Paul Squires, a Morristown, N.J.-based industrial psychologist involved in the screener project, says such efforts normally take three to four months in the private sector and six months in the public sector. The standards board team developed job descriptions and testing procedures for the screeners in one month.
While the board did its work, TSA officials evaluated contractor proposals for handling the overall hiring effort. TSA sought a company that could recruit candidates nationwide, assess candidates across the country, operate a small call center to handle questions from applicants and hire 30,000 screeners.
On March 4, TSA hired NCS Pearson, a firm based in Eden Prairie, Minn., for an estimated $103 million. The award surprised many contractors and government officials familiar with federal human resources because NCS Pearson had little experience conducting federal HR work. Critics contended that no firm without previous experience would be able to handle the paper trail requirements, rules and the need for extensive demographic data in standard formats required in federal hiring. But TSA's leaders were determined to avoid standard federal procedures, since the aviation law freed them from federal hiring regulations and allowed them to adopt a private sector model.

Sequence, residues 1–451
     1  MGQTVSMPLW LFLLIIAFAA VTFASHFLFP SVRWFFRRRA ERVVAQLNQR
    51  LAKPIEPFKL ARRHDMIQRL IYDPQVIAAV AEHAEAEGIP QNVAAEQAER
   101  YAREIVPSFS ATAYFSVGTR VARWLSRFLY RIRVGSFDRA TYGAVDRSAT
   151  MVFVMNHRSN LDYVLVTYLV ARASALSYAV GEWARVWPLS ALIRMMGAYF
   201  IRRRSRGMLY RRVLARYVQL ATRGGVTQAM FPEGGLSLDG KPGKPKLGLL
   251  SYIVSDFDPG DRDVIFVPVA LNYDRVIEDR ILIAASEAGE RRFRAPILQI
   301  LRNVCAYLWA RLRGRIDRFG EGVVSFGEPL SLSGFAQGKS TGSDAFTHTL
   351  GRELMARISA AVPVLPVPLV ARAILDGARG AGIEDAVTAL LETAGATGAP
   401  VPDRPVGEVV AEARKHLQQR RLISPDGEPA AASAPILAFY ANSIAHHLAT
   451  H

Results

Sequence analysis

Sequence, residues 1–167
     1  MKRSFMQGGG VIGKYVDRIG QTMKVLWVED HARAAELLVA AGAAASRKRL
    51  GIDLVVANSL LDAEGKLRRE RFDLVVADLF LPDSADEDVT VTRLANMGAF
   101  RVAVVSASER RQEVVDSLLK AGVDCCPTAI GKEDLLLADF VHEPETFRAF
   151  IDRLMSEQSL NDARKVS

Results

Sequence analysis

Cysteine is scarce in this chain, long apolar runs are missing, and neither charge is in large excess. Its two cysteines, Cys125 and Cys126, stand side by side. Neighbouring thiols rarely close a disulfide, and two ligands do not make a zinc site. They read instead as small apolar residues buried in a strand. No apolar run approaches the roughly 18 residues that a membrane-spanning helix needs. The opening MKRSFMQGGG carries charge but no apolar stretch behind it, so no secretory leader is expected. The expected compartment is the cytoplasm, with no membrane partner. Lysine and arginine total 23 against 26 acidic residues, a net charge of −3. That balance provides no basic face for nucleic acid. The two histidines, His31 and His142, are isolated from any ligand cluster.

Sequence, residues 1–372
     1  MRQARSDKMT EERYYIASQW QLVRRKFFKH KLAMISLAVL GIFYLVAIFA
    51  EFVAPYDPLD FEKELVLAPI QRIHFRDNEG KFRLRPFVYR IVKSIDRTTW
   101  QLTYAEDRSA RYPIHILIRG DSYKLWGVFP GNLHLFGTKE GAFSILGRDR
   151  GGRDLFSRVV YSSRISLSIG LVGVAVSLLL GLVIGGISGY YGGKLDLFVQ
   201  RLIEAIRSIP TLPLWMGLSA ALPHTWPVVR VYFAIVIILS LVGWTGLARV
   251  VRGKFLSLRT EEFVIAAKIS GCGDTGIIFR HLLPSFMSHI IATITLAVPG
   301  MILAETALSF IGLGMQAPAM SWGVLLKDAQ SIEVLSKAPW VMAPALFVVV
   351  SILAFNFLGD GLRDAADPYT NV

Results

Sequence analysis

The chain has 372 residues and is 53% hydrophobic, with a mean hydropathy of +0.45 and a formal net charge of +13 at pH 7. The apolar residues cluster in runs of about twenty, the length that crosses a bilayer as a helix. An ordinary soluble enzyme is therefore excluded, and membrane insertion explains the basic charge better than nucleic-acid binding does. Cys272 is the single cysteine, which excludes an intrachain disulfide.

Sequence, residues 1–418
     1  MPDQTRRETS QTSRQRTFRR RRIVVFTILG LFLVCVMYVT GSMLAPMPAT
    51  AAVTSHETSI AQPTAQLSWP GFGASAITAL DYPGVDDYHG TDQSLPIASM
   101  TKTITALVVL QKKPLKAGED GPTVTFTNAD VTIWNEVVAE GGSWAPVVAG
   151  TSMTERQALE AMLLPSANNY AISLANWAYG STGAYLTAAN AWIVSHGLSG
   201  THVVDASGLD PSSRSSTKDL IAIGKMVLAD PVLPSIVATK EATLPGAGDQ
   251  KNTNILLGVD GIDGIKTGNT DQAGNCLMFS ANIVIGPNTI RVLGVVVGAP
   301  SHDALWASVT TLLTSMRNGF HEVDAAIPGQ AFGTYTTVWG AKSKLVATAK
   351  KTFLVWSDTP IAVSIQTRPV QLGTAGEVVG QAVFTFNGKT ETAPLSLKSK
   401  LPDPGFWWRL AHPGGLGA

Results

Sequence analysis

NCS Pearson leaders were confident. The company had assessment centers across the country. Its officers saw TSA's requirement to hire 30,000 screeners in 32 weeks as daunting, but achievable. As time went on, the company also hired a host of former and retired federal human resources specialists to help get the job done.
To kick off the hiring, TSA officials decided to have NCS Pearson hire a mobile team to train new hires at one airport and then move on to the next, starting in the Northeast and moving to the South, the Southwest, the West and, finally, the Midwest. The first 300 members of what would eventually become a 3,000-person mobile training team arrived for training at the FAA Academy in Oklahoma City in late March.